The apron had always been in Jackie’s mother’s linen closet and she thought it was a shower or wedding gift. It wasn’t until she saw the note that I found that Jackie understood the history of the apron.
Jackie’s Grandmother came to Minnesota from Sweden with her family when she was 9 years old. Her father wrote about the twelve day boat trip in his diary and about the good soil and big trees they saw on their way by train from Chicago to Minnesota. They spent their first winter with a couple of other families (eleven people total) in a one room log cabin.
It was Christine later known as R.A. Peterson who made the apron. Long enough to be cut down and still be long enough to cover someones knees. Jackie’s great grandmother must have made it in the early 1900’s, to wear over a floor length skirt. The embroidery on the apron is the type popular with Swedish immigrants.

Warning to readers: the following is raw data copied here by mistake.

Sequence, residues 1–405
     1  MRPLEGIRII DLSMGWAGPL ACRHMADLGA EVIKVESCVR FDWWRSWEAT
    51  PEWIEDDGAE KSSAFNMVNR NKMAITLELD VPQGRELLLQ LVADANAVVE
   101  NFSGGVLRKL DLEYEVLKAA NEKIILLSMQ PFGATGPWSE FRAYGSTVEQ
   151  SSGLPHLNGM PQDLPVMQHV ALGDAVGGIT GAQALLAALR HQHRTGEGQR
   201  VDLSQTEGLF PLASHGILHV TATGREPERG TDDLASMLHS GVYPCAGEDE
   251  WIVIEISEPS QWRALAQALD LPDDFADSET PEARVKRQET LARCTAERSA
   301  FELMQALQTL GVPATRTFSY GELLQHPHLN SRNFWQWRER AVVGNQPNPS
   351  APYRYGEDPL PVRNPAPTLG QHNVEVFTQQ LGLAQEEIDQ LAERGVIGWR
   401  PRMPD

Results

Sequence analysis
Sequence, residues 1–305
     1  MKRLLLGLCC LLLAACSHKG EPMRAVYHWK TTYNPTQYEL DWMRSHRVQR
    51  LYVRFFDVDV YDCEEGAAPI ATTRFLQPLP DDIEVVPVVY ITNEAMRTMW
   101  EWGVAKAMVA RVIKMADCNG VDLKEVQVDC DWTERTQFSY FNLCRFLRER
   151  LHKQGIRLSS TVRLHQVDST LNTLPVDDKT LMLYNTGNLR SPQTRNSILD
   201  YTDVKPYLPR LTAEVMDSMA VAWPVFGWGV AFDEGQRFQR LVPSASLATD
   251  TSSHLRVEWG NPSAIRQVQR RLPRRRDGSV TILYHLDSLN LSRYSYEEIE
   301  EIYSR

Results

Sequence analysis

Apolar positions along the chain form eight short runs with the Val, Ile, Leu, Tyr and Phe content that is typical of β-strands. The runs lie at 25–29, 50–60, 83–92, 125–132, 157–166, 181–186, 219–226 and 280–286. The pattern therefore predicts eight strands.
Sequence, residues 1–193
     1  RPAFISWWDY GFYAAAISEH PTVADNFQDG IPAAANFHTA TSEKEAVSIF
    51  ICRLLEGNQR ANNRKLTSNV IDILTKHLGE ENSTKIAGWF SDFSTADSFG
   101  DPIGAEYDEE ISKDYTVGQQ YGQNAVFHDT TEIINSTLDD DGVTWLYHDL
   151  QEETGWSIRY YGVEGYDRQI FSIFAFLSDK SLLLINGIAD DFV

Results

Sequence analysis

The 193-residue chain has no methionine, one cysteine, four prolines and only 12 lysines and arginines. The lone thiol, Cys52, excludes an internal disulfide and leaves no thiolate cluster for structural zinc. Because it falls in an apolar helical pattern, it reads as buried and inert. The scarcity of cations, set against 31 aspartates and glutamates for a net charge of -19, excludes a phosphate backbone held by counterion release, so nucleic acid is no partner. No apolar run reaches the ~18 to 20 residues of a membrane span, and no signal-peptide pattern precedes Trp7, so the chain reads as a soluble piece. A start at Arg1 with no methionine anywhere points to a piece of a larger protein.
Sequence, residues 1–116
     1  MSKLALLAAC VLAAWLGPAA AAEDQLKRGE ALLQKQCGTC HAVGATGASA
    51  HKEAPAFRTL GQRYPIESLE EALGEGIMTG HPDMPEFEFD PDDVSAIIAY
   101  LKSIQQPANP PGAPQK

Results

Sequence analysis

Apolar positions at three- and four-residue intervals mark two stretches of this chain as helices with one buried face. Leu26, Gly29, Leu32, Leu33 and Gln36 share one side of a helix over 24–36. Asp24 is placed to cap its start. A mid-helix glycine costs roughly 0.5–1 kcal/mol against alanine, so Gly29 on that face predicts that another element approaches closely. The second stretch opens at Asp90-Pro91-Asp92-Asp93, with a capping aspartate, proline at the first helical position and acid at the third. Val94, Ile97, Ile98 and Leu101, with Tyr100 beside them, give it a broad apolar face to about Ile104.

It was Jackie’s Grandmother Esther, (R.A. Peterson’s daughter) a school teacher, who pinned the note onto the apron. Always ready with a rubber band or pin to cob something together, Esther was also always a ready to give a history lesson which is just what she did by leaving the note in the pocket of the apron. Anna, who “cut the apron short” was Esther’s sister.
Recently, Jackie attended a family reunion at the one room cabin which was preserved and moved to it’s present location in 1959.
I don’t know if Jackie would have eventually found the note in the pocket of the apron she always believed was a wedding gift to her mother. But I’m glad I noticed it on the floor of my studio and decided to open it up instead of just tossing it in the trash or vacuuming it up.
You can read more about Jackie’s Grandma Esther on Jackie’s blog Quilt of Missing Memories.